When I started working on a bench design, I was all in on Roy Underhill’s french bench that I saw on the Woodwright’s shop and in his book The Woodwright’s Apprentice.  For those of you that have never seen this, here is part I of that episode.

I was totally sucked in by the angled legs and the awesome sliding dovetails.  But this bench was solving a problem I really didn’t have.  It was designed to use a “smaller” solid benchtop when compared to the traditional Roubo-style bench.  I was planning on laminating my top, so my benchtop was limited only by my ability to move the glue-up around.  Before I recognized this, though, I went ahead and laminated up a top.  This was also before I was really committed to handplanes and before I had my dewalt thickness planer.  That glue-up was done with the “as-ripped” boards.  It turned out OK, at best. Here’s an end pic of that top


These are ripped down 2X6’s and kinda knotty.  You can see gaps where the cup in the boards prevented me from clamping them completely closed.  But it will work.  I glued up the second split top using sections I ripped from a 2X12 and ran through the thickness planer.  This top is significantly better than the first one. Both in terms of the quality of the wood and the quality of the layup.  After gluing them up, I flattened one side with my jack and jointer and then ran them through my thickness planer.  That was fun.  Really.


Drawboring and Bolting

Working on a large workbench in inconsistent 2 hour periods at night is a sure-fire way to make slow progress on big projects.  In the last post I got the base together.  It’s now drawbored and bolted.  Here some glamour shots of the drawboring and the bed-bolt arrangement I went with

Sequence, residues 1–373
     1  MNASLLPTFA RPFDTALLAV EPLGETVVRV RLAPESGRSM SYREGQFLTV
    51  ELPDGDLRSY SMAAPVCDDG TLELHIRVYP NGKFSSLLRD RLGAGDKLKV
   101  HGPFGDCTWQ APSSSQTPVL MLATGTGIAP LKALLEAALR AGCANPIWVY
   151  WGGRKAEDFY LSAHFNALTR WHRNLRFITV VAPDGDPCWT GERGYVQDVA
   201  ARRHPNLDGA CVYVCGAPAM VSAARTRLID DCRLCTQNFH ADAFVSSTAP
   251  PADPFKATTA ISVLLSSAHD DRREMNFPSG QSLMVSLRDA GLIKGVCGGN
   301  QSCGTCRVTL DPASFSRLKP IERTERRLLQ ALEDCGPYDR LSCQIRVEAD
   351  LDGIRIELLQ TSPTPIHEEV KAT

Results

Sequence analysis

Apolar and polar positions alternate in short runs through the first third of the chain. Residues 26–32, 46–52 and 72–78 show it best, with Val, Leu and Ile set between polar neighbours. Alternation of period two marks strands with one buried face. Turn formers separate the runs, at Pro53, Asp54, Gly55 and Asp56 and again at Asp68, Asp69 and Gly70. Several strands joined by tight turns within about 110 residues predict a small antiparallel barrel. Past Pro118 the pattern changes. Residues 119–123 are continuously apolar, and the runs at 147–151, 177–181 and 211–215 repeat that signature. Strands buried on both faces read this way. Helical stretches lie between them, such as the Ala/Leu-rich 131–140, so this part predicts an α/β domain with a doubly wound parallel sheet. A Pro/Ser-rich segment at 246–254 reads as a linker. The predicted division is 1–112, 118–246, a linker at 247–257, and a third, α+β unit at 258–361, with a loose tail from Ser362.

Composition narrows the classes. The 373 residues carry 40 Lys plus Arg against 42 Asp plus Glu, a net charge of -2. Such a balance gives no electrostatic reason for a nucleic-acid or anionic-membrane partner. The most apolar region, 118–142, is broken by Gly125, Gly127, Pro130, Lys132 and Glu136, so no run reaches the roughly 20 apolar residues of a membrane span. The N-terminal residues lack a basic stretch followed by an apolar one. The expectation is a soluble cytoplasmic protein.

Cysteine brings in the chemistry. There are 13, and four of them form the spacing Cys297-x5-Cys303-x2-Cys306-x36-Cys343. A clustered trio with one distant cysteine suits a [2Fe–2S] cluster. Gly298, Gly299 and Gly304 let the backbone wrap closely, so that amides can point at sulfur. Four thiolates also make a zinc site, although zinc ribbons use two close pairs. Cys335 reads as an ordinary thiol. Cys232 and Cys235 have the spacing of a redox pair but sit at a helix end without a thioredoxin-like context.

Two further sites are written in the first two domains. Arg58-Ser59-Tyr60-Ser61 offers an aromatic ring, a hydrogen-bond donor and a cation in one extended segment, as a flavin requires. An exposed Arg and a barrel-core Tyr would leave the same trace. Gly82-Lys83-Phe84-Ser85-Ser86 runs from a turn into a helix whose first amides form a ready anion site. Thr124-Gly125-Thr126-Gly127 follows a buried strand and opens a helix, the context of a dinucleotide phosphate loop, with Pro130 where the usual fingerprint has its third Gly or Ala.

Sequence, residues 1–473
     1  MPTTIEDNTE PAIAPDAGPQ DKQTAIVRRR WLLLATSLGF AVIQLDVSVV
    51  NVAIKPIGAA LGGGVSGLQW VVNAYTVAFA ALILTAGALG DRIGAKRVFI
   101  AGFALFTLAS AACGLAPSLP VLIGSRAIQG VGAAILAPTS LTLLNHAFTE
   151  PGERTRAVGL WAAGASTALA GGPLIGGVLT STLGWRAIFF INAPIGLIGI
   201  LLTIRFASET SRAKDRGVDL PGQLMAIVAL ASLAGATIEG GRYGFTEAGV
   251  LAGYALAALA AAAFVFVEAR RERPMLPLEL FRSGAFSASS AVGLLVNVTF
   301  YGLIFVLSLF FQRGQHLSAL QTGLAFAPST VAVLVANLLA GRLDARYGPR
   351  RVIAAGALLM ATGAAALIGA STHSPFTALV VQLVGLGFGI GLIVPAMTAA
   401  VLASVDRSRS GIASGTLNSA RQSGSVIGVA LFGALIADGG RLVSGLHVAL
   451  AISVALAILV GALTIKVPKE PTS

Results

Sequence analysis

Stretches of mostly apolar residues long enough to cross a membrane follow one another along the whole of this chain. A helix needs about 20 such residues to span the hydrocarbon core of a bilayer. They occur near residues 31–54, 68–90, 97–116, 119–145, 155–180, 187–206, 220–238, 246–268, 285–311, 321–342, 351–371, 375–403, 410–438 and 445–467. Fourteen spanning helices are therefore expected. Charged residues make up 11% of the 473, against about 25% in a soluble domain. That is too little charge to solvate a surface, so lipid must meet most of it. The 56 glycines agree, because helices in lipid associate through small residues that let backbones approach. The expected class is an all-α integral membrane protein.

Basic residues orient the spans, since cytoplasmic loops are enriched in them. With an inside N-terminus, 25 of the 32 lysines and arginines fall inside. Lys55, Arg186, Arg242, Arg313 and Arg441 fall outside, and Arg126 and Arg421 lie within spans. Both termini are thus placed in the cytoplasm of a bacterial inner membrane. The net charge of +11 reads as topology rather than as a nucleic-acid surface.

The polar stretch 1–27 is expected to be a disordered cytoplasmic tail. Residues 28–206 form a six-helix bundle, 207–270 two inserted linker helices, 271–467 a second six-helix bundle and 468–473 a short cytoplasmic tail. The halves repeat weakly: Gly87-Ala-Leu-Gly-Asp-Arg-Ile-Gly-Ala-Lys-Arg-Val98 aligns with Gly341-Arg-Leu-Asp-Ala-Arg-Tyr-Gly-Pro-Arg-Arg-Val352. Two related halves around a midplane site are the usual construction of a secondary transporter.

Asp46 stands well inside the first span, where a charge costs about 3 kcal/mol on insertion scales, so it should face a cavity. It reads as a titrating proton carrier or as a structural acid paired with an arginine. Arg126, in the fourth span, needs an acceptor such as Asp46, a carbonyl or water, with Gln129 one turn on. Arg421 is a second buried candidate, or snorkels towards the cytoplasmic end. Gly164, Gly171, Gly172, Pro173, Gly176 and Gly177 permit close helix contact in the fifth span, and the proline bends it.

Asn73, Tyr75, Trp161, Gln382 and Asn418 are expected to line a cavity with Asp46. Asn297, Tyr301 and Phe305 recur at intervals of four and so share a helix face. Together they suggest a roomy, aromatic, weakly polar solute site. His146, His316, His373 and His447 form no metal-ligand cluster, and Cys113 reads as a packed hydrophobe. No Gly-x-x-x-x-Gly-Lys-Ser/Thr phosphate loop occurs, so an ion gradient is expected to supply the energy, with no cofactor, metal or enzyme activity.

One thing that I failed to realize is that I should have made the oak pegs oversize for the 3/8 hole I drilled.  The pegs tend to twist and bend as they are driven home and open up little spaces at the edges of the holes.  I followed the PW guide on drawboring here, but neglected the pin shaping suggestions (other than adding a taper).  They look OK.  The end units are crazy solid.

I then drilled the counterbores for the washers with a forstner (same one I used for the mortises) and used the center point of the counterbore as a starting point to sink a 1/2 hole as far into the stretcher as I could.  I then disassembled the frame and drilled the stretcher as deep as I could with my existing bit.  If I had access to a drill press, I would have drilled the leg holes with the press to make sure that they were vertical and then used those holes to freehand the stretchers.  As it was, all the holes were a little angled, but it didn’t seem to matter.

Once these were drilled, I used the forstner to drill the crossbores and used a chisel to square up the resulting hole.  Everything pulled together at that point and is super solid.  The bolts were 8 inch long 3/8 bolts from the home center.  Next up, gluing up the tops and flattening them.

Progress & Dowel Plates

Augering through this, so to speak.   I am clocking about 30 minutes per mortise at this point, however things sped up a lot when I remembered that I had a 1 1/4-in chisel floating around my tool chest.  I also ditched the spur auger and switched to a forstner bit in my 1/2 in drill.  I didn’t think you would be able to use a forstner in a hand-held drill.  But you can.  Here is the base all dry fit and looking ready to go.


Now that the mortises are chopped and the tenons fit, I’m moving to drawbore the joints on the two leg modules.  Since the 3/8 dowel stock at the home center is not 3/8 in diameter, I bought 1/2 in rods and pounded them through my home-made dowel plate.  I made this out of a scrap piece of 1/4 steel I had lying around.  I add a little bit of relief by back drilling with a slightly larger drill after I drill the correct size through the plate.